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Office of Management and Budget
News Release



OMB Encourages Lifesaving Actions by Regulators

Washington, DC, September 18, 2001 -- The Office of Management and Budget today sent "prompt letters" to the Department of Health and Human Services and the Occupational Safety and Health Administration asking them to give greater priority to two lifesaving issues. One letter urges acceleration of an ongoing rulemaking concerning the labeling of trans fatty acid content in foods while the other promotes use of automated external defibrillators (AEDs) in the workplace. These actions represent the first time that OMB, through its Office of Information and Regulatory Affairs (OIRA), has publicly used its analytic resources to encourage new regulatory actions as opposed to reviewing decisions initiated by agencies.


The prompt letter is a new tool created by OIRA’s Administrator, John D. Graham, to highlight issues that may warrant the attention of regulators. At his confirmation hearing this past spring, Dr. Graham pledged to use OMB’s analytic resources to influence the priorities of regulatory agencies. These prompt letters are not meant to have legal authority but rather are designed to bring issues to the attention of agencies in a transparent manner that permits public scrutiny and debate.


"In addition to OIRA’s traditional role of providing regulatory oversight, we’re going to work more closely with the agencies at the beginning and throughout the rulemaking process. OMB Director Mitch Daniels and I believe that these and future prompt letters will be an important means of drawing agency and public attention to important issues that warrant consideration and action," said Dr. Graham.


Summary of Prompt Letters

Trans Fatty Acid Rule: In his prompt letter, Dr. Graham noted that there is a growing body of scientific evidence suggesting that consumption of trans fatty acids in foods increases the consumer’s risk of developing coronary heart disease (CHD). In November 1999, the Food and Drug Administration proposed a rule that would, among other things, require the amount of trans fatty acids present in foods to be included in the product’s Nutrition Facts panel. The FDA’s preliminary Regulatory Impact Analysis estimated that, 10 years after the effective date, the rule would prevent 7,600 to 17,100 cases of CHD and avert 2,500 to 5,600 deaths per year. Over a 20-year period, the FDA estimated the benefits of the proposed rule would range from $25 billion to $59 billion, while the costs would be $400 million to $850 million.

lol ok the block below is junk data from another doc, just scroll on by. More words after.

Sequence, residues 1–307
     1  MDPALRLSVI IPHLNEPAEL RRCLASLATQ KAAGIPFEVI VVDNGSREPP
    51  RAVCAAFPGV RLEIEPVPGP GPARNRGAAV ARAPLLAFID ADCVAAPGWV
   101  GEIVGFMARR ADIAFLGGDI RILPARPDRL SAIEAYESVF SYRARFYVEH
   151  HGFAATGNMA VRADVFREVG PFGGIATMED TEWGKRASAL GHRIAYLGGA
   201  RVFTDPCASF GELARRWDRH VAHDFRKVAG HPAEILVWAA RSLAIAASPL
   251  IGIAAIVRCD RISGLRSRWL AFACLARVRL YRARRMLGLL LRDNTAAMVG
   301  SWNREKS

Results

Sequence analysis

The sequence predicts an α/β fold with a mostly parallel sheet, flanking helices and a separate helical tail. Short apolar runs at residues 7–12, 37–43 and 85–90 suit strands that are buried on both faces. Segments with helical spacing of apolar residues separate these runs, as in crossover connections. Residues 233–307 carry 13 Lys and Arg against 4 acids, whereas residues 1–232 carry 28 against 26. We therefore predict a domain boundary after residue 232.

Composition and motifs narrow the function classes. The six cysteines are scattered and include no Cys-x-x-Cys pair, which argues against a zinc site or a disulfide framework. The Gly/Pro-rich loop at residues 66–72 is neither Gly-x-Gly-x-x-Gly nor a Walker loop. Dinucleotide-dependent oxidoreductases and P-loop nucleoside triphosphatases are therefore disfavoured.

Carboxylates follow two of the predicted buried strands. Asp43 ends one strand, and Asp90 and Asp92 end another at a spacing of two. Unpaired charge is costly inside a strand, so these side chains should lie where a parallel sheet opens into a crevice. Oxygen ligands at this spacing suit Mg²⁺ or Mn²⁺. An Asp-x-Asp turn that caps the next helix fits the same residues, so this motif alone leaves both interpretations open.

In his letter, Dr. Graham concluded, "We understand that FDA is in the process of drafting a final rule in response to comments received. If the regulatory impact analysis still suggests that the potential benefits of this rule far exceed the costs, then I strongly encourage you to finalize this rule or explain the rationale for not moving forward."


Automated External Defibrillators: In his prompt letter, Dr. Graham said that automated external defibrillators are a promising lifesaving technology, and when used promptly and properly can increase the rate of survival after cardiac arrest. Recent studies show that when AEDs are used on people who have sudden and unexpected cardiac arrest outside of hospitals they have a resuscitation success rate of between 17 percent and 38 percent, compared to a 2 percent to 5 percent resuscitation rate when AEDs are not available. Dr. Graham noted that some preliminary cost-effectiveness calculations conducted by OIRA staff indicated that AEDs in the workplace might prove to be very cost-effective.

In his letter, Dr. Graham concluded, "In requesting that OSHA consider making AEDs a priority, I understand that OSHA faces limited resources, legislative constraints, and numerous areas where steps can be taken to enhance the health and safety of workers. At this stage, I am simply asking OSHA to consider whether this matter should be a priority."


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